Generation of Vascular Endothelial Cells and Hematopoietic Cells by Blastocyst Complementation.
One way to alleviate the current shortage in donor organs is to generate human organs within animals by a process called blastocyst complementation. However, organs are complex tissues that include blood vessels. Contamination of animal-derived blood vessels in the human organ could result in rejection following transplantation. Here, we have studied a new way to generate rejection-free transplantable organs by blocking blood vessel formation within the host, by genetically deleting a gene called Flk-1.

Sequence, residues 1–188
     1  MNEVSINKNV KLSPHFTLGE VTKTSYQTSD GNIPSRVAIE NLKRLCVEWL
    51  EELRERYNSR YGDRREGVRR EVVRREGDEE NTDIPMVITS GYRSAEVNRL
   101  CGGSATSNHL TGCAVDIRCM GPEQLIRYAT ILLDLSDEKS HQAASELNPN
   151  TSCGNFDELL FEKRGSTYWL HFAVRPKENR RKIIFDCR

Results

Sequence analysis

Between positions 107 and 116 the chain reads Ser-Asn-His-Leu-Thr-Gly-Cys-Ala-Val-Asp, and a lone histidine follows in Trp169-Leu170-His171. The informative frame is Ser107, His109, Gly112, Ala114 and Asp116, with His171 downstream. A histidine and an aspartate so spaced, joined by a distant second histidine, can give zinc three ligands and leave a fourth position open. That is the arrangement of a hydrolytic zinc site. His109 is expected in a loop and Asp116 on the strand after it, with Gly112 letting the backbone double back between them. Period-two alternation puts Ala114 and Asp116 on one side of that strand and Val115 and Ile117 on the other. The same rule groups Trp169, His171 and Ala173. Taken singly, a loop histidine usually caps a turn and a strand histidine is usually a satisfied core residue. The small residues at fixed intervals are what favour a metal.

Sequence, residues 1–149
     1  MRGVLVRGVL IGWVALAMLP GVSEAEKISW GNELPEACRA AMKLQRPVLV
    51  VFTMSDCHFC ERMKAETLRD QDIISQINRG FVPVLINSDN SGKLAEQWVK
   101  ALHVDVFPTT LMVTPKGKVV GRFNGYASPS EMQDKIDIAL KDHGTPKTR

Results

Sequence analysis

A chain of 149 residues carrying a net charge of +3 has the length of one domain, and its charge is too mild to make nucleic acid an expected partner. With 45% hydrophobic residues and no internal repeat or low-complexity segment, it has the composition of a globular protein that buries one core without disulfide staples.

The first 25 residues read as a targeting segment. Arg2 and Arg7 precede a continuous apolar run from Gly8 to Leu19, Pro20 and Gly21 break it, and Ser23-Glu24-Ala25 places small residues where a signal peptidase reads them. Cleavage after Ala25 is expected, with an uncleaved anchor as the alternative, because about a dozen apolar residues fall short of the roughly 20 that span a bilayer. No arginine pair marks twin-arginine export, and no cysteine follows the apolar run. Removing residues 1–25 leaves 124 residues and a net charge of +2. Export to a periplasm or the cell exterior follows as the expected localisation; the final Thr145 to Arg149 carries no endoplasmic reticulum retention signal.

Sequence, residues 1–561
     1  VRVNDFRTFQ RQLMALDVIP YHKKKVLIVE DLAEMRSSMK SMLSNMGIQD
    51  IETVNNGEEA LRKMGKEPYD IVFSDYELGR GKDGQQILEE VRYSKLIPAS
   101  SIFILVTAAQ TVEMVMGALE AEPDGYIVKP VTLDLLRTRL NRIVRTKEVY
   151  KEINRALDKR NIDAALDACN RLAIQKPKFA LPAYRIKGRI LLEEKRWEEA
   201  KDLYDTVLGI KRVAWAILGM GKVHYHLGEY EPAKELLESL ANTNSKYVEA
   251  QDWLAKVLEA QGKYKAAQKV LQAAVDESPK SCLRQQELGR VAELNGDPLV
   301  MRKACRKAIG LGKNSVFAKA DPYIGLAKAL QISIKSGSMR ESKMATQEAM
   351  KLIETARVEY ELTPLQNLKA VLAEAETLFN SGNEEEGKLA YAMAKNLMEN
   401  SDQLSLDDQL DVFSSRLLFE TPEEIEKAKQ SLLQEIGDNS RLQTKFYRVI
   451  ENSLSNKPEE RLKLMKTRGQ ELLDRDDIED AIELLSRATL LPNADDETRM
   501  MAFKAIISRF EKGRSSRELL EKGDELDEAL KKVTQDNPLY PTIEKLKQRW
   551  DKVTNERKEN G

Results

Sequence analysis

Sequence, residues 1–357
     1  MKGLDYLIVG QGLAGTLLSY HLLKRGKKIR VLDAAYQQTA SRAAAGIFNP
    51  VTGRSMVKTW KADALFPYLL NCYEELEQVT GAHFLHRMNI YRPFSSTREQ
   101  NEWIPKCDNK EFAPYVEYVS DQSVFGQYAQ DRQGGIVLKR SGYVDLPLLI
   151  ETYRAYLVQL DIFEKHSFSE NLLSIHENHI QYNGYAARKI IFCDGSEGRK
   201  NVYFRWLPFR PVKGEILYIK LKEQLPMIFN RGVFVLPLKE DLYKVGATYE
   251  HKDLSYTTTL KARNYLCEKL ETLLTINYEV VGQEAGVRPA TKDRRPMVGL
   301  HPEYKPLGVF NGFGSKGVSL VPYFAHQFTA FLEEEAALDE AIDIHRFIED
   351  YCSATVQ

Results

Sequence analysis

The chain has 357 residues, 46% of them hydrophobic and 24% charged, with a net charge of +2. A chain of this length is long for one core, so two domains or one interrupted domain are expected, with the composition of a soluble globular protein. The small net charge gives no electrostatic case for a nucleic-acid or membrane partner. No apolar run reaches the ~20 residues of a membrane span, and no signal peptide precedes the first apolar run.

In the case of organ transplantation accompanied by vascular anastomosis, major histocompatibility complex mismatched vascular endothelial cells become a target for graft rejection. Production of a rejection-free, transplantable organ, therefore, requires simultaneous generation of vascular endothelial cells within the organ. To generate pluripotent stem cell (PSC)-derived vascular endothelial cells, we performed blastocyst complementation with a vascular endothelial growth factor receptor-2 homozygous mutant blastocyst. This mutation is embryonic lethal at embryonic (E) day 8.5-9.5 due to an early defect in endothelial and hematopoietic cells. The Flk-1 homozygous knockout chimeric mice survived to adulthood for over 1 year without any abnormality, and all vascular endothelial cells and hematopoietic cells were derived from the injected PSCs. This approach could be used in conjunction with other gene knockouts which induce organ deficiency to produce a rejection-free, transplantable organ in which all the organ's cells and vasculature are PSC derived.